Margaret Grieco (University of Oxford, D.Phil. Sociology) is a Professor of Transport and Society at Napier University and a Visiting Professor at the Institute for African Development, Cornell. She was a staff member of the Africa region of the World Bank and has been a consultant to the World Bank, the United Nations, and the UK Department for International Development. She served as Professor of Sociology at the University of Ghana and has recently worked with the Mitsubishi Research Institute on the Transport arrangements of the northern corridor in Kenya. She has written and edited numerous books, including Travel, Transport, and the Female Traders of Accra (Ashgate, 1996) and most recently two edited volumes of IAD conference proceedings titled Africa’s Finances: The Contribution of Remittances (Cambridge Scholars, 2008) and The Hydropolitics of Africa: A Contemporary Challenge (Cambridge Scholars, 2007), as well as over 60 articles. Her areas of expertise include new information technology; globalization and social organization; and urban, regional and transport studies.
Cornell begins by discussing what she believes lies at the heart of freedom: the ability for all individuals to pursue happiness in their own way, especially in matters of love and sex. This is only possible, she argues, if we protect the "imaginary domain"--a psychic and moral space in which individuals can explore their own sources of happiness. She writes that equality with men does not offer such protection, in part because men themselves are not fully free. Instead, women must focus on ensuring that individuals face minimal interference from the state and from oppressive cultural norms. They must also respect some controversial individual choices. Cornell argues in favor of permitting same-sex couples to marry and adopt children, for example. She presses for access to abortion and for universal day care. She also justifies lifestyles that have not always been supported by other feminists, ranging from staying at home as a primary caregiver to engaging in prostitution. She argues that men should have similar freedoms--thus returning feminism to its promise that freedom for women would mean freedom for all.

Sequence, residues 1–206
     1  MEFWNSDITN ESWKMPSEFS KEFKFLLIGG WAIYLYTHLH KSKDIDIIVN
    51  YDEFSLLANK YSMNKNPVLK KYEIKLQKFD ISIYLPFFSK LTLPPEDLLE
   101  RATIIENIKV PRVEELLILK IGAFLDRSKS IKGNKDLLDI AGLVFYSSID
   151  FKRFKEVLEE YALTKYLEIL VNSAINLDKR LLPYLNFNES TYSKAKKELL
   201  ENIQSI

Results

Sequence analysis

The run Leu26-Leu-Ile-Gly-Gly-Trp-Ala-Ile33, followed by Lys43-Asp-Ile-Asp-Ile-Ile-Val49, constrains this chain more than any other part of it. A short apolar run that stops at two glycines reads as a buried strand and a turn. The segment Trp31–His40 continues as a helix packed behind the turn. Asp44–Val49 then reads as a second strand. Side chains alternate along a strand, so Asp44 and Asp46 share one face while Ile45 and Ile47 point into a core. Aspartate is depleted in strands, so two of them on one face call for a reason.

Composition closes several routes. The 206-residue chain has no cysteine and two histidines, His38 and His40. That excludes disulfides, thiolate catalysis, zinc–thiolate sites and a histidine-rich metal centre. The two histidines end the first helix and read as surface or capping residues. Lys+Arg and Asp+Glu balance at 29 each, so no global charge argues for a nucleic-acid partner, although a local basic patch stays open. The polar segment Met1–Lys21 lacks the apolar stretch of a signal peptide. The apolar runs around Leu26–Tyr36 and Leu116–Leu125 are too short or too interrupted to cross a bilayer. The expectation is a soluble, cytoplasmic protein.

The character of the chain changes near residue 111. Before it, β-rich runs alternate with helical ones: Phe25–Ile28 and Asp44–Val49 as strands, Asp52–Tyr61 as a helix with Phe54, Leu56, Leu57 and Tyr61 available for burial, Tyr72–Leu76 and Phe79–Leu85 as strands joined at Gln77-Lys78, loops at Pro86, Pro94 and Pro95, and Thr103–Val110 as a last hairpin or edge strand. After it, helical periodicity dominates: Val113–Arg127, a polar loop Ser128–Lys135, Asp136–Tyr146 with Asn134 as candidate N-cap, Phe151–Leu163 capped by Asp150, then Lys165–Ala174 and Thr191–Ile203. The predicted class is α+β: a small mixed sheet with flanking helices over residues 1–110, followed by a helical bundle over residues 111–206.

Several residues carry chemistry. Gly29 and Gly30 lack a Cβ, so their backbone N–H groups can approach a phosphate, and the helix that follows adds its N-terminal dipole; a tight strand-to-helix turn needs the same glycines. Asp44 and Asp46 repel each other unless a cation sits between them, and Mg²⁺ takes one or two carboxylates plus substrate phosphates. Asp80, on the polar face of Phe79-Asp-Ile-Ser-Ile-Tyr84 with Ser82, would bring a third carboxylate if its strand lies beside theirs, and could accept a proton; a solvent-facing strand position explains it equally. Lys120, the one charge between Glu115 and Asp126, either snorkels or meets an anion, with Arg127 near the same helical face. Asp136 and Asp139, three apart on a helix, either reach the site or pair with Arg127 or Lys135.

Challenging, passionate, and powerfully argued, Cornell's book will have a major impact on the course of feminist thought.
Efforts to avoid drawing other nations into a wider conflict created by the collapse of a state—and creating favorable conditions for reconciliation and reconstruction of a failed state after it has collapsed—present major challenges. In April, 2008 the Cornell Institute for African Development called a symposium on ‘Failed and Failing States in Africa: Lessons from Darfur and Beyond’ to address these critical issues. Key contributions to the symposium are brought together in this volume. Taken together these essays represent a significant discussion on the challenges presented by the presence of failing states within Africa.
Security, Reconstruction and Reconciliation is organized into four main sections:
the social, political, and economic dimensions of conflict
the impact of conflict on women and children
reconstruction and past human rights violations
disarmament, demobilization, reintegration, post-war reconstruction and the building of a capable state and the role of the international community in the peace process.
The chapters offer a detailed and succinct exposition of the challenges facing post conflict societies by articulating the vision of a new society. With a foreword by Francis Deng, the UN Secretary General’s Special Representative on Internally Displaced Persons, the authors discuss the issues in the context of possible solutions and lessons learnt in the field.
This new book is a valuable resource for researchers, policy makers and students in the fields of conflict resolution, security studies, law and development.